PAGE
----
Ease of use – Accessible via app or browser as well as on several media devices, to watch free movies you’ll need your library card details.
Available either through Freeview or as a standalone on-demand service, Maori Television is the best place to experience mostly Aotearoa-based content and includes films, NZ TV series’ and movies.
East of use – The interface is nothing flash but it works.
Pay per view
Previously an Xbox-only service (Xbox Video), Microsoft Films & TV is geared towards Microsoft (hence Windows and Xbox) users. This platform allows either renting or buying a huge selection of movies in hi-def and 4K. Films are stored in the cloud so you can watch them on any device anywhere.
Ease of use – Once you’ve jumped through the usual Microsoft hoops (you’ll need an MS account but there’s no sign-in to the service) this is a very usable platform.
$9.99 per month (7-day free trial)
Fans of film festival fare can absolutely pig-out on this wonderful, intelligently curated collection of arthouse films. Covering the whole range from silent classics to director specials and the latest festival offerings, Mubi offers a nice twist by adding a new title every day, each of which remains available for 30 days. And for those accessing via browser (rather than app or media device) they’ve just “opened” their extensive “library” feature. Who needs to sit in dank theatres in the middle of winter when you can experience the same thing at home? There’s also an excellent selection of essays on its website.
East of use – Accessible via app, browser or media centre, Mubi is simple to use and navigate and never misses a beat. Movies are HD when they’re made that way, and are downloadable to devices.
$13.95 (14-day free trial)
Run by Sky and as of July 7, 2020, incorporating the content of Spark’s now deceased Lightbox, Neon provides a New Zealand-based service competing with the big operators like Netflix. Neon holds several major aces up its sleeve including exclusive feeds from HBO (the home of quality American drama), and some great films. Its absorption of Lightbox will avail it of classics like Breaking Bad and more recent phenomenons like The Handmaid’s Tale.
Ease of use – Neon’s app is notoriously buggy, and a major reason for the Lightbox acquisition has to be its much slicker interface. At the time of writing the Neon plus-Lightbox has yet to debut, but we’re expecting great things.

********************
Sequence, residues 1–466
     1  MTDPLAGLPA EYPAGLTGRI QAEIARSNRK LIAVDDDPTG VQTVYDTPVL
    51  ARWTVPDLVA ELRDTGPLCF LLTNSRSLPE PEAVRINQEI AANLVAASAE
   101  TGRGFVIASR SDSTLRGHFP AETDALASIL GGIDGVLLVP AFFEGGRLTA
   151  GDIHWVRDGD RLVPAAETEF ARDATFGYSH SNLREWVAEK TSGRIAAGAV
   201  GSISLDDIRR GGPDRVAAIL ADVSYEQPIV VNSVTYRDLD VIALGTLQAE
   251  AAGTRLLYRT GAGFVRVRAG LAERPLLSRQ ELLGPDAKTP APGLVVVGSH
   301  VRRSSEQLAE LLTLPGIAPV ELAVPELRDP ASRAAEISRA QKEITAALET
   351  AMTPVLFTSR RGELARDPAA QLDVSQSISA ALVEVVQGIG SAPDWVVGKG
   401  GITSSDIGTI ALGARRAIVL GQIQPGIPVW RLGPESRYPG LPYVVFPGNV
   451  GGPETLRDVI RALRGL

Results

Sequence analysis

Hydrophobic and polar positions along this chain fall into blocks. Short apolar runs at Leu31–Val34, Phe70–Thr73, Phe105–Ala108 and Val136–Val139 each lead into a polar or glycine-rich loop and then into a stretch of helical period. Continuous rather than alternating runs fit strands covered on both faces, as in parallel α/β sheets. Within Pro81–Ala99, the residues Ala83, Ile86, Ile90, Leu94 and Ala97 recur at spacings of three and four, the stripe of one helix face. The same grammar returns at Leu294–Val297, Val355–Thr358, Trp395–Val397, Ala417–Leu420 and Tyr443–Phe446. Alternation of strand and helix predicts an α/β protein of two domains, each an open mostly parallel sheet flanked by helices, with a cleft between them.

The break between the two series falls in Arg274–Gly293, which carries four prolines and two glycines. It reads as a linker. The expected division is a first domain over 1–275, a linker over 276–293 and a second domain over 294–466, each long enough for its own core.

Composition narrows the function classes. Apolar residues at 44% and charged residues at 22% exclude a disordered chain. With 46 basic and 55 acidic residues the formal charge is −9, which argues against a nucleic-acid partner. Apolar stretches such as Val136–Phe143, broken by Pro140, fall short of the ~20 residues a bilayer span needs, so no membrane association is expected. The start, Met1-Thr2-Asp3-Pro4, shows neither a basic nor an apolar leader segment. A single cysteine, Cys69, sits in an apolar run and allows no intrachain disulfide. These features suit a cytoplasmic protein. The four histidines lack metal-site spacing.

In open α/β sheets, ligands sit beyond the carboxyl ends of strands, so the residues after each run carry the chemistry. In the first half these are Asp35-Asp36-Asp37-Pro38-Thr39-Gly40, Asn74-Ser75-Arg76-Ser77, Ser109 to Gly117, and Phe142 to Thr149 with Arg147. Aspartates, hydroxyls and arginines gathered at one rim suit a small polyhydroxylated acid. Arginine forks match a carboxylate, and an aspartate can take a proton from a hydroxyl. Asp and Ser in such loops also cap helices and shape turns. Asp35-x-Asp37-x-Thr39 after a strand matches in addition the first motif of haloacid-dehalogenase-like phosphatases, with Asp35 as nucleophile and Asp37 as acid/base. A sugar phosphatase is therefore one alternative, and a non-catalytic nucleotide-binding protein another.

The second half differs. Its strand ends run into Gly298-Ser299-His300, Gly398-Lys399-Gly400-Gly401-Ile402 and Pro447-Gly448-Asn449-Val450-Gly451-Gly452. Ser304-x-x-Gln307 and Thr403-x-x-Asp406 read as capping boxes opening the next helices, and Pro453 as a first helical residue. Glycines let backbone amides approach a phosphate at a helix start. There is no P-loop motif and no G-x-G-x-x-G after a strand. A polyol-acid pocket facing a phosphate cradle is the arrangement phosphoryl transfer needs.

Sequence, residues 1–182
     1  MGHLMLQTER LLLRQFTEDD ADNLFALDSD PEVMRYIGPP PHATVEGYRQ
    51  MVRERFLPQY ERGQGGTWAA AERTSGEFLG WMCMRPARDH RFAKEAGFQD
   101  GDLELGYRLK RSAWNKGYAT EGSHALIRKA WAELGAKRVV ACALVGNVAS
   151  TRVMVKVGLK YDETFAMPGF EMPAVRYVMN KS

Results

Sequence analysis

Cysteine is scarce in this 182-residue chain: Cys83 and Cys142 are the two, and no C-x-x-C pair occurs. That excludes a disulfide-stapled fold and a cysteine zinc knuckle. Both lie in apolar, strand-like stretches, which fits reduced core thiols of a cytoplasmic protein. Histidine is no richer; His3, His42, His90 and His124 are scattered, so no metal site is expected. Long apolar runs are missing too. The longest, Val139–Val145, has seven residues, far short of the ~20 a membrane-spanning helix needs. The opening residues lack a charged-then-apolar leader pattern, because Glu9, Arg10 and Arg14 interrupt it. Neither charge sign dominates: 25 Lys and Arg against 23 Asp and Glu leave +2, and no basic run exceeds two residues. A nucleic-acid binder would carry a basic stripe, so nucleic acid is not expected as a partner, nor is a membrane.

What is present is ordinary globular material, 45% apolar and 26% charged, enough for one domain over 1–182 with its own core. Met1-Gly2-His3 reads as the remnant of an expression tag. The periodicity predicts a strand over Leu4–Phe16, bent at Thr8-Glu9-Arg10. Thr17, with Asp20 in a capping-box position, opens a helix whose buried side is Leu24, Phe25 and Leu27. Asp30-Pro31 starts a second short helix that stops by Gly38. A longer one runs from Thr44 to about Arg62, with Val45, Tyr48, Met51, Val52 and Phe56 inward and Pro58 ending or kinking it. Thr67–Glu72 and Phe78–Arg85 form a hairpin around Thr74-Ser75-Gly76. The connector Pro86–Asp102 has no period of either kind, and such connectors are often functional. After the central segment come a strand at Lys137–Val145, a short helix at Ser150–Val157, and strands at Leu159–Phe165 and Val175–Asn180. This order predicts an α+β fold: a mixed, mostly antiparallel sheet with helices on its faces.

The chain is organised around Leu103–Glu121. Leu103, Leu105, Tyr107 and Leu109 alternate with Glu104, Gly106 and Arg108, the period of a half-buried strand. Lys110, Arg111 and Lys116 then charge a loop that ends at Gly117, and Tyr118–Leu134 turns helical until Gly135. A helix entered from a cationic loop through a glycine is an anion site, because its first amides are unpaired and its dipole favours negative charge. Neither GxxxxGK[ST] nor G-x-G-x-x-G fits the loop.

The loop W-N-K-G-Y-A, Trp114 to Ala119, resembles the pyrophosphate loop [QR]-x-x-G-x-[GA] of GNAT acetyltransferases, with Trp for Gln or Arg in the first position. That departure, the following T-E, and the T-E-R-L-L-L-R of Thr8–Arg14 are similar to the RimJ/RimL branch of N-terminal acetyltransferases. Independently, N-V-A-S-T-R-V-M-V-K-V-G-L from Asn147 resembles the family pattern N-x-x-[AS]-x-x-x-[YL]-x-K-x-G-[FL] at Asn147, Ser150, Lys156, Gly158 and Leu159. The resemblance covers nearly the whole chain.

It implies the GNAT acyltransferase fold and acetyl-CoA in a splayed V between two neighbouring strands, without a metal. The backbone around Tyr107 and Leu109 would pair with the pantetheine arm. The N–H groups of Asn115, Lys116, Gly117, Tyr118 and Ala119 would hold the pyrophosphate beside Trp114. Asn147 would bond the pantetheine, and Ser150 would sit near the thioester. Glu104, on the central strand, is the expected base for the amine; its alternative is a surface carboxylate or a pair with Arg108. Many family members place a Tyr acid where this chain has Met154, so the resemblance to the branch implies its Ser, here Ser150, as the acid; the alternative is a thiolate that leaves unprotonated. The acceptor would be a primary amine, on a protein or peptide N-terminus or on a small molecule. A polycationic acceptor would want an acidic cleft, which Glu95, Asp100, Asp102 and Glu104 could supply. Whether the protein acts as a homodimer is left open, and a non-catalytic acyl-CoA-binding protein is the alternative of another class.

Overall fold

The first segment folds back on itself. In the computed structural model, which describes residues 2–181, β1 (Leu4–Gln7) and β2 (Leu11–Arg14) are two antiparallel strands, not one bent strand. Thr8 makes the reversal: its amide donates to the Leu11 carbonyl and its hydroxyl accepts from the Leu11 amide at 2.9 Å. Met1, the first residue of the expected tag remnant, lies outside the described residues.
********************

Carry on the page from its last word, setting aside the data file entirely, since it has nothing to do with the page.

$11.99 to $21.99 per month
The behemoth of streaming TV, Netflix currently seems unbeatable, even given its over-the-top price increases. The secret ingredient here is a huge array of programmes, many of which are exclusives. And despite some dodgy reality TV and routine horror shows and movies, you just need to look at Amazon’s rather dog-tailed Prime Video selection to see how well Netflix curates its content. With a stellar lineup of documentaries, some of the best TV drama around and a genuinely international array of content, what’s not to like? Our only bugbear is the way your viewing selections determine what shows up in your feed (including ‘new releases) next, making it very hard to get a genuine glance at the totality of what’s available.
Ease of use – With three different pricing tiers ($11.99 for standard def, $16.99 for HD and $21.99 for 4K) Netflix accessible to most, although only the top tier will avail you of multi-screen viewing/downloading. The app is slick and generally works great, although there are a few idiosyncracies. For instance, if you’re watching a series it will occasionally forget your place.
Pay per view
Run by the New Zealand Film Commission, NZ Film On Demand is the place to go when you want to soak up our own film culture. With a wide variety of both recent and classic Kiwi movies available at very reasonable prices to either view (for 7 days) or own, all viewable in HD, it’s a real treasure chest.